• Urodynamic Tests: There are different kinds of urodynamic tests. Most urodynamic tests focus on an individual's ability to hold urine. If the problem is urinary retention, the healthcare provider may recommend a test that measures bladder pressure and urine flow rate.

  • Cystoscopy: These procedures allow a healthcare provider to look at the lower urinary tract obstruction. A cystoscope is a tube-like instrument used for visualizing the inside of the urethra and any other obstructions. After the solution is inserted into the penis, the healthcare provider inserts a cystoscope through a hole in the tip of the penis and in the lower urinary tract. By looking at a cystoscope, a health care provider can determine the location and degree of urinary incontinence.

  • Abdominal Ultrasound: Ultrasound emits safe, painless sound waves to create an image of the structure. The transducer can be moved around to test different organs. On abdominal ultrasound, the healthcare provider rubs the gel on the patient's abdomen and delivers a hand-held transducer over the skin. Pictures may show damage or abnormalities in the urinary tract caused by the blockage of urine in the prostate.

  • Transrectal Ultrasound: The specialist will insert a small transducer device into your rectum. As the device moves, it will display different parts of your prostate. In order to determine if there is cancer, a biopsy is needed. For taking a biopsy, the healthcare provider uses a transducer and ultrasound imaging to direct the needle to the tumor. The hand is then used to remove a few pieces of prostate tissue for a microscope. This procedure, called a biopsy, can detect prostate cancer. A transrectal ultrasound with prostate biopsy is usually performed by a doctor in the office of a healthcare provider, an outpatient facility, or a hospital with simple sedation and local anesthesia. Biopsied prostate tissue is tested in a laboratory by a pathologist.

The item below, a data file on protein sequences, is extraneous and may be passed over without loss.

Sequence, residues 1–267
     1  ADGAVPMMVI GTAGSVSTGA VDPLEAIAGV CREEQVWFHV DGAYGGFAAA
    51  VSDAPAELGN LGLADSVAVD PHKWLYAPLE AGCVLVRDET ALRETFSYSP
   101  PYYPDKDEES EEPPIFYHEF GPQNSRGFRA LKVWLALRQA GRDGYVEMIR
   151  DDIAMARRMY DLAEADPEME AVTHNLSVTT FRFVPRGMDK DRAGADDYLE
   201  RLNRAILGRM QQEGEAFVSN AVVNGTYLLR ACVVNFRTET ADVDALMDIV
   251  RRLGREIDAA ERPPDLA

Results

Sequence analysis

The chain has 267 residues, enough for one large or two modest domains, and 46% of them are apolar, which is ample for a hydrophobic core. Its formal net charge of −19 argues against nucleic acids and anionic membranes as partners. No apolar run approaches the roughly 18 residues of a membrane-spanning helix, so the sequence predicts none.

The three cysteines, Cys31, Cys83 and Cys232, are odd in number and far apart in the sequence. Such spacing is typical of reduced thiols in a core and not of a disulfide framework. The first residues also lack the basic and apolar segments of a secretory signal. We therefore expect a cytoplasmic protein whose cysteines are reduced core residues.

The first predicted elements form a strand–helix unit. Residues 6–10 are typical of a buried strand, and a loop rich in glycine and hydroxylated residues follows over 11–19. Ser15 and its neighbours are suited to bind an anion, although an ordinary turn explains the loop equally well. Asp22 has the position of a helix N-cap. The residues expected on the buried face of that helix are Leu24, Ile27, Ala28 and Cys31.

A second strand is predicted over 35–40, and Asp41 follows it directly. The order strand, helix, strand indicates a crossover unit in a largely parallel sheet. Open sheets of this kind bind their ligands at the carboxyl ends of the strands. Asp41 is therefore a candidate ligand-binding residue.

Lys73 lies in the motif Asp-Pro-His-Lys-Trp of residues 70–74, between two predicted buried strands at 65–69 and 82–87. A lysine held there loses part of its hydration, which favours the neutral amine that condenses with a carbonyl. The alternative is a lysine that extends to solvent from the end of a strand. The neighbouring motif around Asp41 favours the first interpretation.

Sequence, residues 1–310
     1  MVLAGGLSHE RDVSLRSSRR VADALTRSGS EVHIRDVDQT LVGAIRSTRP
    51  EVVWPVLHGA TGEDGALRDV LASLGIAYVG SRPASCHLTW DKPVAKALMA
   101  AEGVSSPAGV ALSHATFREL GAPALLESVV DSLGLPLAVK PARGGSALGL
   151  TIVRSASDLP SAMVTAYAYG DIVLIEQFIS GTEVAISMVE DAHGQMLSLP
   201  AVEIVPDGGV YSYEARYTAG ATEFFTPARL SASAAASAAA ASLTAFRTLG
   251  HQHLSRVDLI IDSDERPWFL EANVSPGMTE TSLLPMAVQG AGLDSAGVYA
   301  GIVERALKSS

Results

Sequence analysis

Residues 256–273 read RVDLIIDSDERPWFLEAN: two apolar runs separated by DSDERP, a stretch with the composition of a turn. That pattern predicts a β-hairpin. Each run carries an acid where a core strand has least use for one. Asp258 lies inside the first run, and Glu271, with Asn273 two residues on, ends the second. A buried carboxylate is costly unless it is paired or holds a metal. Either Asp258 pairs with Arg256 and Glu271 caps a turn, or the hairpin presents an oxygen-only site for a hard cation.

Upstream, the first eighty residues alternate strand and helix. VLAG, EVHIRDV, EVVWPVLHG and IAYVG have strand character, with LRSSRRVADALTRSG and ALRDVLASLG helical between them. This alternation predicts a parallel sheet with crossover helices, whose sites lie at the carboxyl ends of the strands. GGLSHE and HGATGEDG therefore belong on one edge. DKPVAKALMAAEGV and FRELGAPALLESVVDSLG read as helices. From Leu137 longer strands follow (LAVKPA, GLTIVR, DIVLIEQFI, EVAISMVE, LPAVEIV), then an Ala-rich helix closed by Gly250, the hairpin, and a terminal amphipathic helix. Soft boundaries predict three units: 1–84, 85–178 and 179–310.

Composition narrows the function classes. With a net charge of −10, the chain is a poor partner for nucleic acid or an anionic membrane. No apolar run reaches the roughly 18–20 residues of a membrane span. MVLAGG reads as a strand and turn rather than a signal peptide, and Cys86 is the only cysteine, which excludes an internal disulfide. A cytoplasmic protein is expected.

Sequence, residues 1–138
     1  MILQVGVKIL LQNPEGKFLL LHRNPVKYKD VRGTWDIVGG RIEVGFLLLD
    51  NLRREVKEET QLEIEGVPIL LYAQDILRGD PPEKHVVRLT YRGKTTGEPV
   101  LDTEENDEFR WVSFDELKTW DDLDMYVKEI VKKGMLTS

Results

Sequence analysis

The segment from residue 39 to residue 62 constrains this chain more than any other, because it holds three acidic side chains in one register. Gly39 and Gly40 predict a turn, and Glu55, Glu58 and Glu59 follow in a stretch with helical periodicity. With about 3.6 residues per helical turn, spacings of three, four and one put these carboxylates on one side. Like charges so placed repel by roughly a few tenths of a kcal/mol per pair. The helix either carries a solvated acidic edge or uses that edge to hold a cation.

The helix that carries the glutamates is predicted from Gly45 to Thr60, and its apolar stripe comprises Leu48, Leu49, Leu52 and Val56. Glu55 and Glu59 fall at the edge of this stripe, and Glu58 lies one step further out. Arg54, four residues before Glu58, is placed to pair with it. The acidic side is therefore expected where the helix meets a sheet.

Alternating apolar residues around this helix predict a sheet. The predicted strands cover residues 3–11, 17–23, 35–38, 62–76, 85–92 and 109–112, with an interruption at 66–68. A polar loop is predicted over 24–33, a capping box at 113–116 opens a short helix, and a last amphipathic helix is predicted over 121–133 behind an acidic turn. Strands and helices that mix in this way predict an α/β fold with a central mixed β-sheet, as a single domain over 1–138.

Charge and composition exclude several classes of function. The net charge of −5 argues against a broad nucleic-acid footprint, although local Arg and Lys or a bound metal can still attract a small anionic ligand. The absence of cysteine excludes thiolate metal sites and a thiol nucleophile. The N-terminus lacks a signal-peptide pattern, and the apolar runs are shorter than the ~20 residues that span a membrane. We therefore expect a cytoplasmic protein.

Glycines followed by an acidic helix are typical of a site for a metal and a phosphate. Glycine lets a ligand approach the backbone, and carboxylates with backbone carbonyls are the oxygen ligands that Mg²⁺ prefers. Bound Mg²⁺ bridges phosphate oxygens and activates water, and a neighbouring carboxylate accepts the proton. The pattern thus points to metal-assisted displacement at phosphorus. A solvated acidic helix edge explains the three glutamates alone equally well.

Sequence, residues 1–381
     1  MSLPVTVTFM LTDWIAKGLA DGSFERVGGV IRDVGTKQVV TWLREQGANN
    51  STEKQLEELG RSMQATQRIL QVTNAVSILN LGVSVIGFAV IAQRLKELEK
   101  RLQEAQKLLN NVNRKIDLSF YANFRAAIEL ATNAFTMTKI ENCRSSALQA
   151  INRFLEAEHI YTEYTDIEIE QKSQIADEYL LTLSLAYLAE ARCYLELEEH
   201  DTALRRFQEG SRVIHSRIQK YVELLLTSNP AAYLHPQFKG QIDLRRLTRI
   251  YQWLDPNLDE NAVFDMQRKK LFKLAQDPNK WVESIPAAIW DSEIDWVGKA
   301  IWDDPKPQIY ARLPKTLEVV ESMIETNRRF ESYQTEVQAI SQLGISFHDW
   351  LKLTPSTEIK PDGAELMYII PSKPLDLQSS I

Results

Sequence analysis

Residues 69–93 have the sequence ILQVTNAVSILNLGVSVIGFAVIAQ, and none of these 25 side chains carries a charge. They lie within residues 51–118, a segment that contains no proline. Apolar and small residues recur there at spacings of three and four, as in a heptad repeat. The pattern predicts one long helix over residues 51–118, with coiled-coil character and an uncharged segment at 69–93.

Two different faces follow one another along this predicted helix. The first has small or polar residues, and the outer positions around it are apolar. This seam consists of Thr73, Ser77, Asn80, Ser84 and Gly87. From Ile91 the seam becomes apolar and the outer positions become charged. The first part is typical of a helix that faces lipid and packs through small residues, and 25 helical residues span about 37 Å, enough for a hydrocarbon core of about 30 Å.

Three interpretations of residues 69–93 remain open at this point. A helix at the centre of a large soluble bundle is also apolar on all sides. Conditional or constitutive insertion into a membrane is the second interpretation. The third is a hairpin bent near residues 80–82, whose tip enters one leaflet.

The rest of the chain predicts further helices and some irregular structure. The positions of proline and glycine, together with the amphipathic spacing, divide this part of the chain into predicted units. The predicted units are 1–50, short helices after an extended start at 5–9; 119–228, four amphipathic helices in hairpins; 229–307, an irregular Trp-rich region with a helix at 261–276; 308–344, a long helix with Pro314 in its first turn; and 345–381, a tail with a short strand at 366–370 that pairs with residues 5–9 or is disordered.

• Biopsy: In this test, you will be given anesthetic medication so that you do not feel any pain. The doctor will use an ultrasound, CT (computerized tomography), or MRI (magnetic resonance imaging) scan to see your prostate gland. They will then use a needle to take a piece of tissue, and the sample will be sent to a laboratory where a pathologist will look under a microscope to see if it has any cancer.

  • MRI Scan: An MRI (magnetic resonance imaging) is an imaging examination that takes photographs of the body's internal organs and soft tissues. Radio waves and magnetic waves are used in MRI equipment to create detailed images.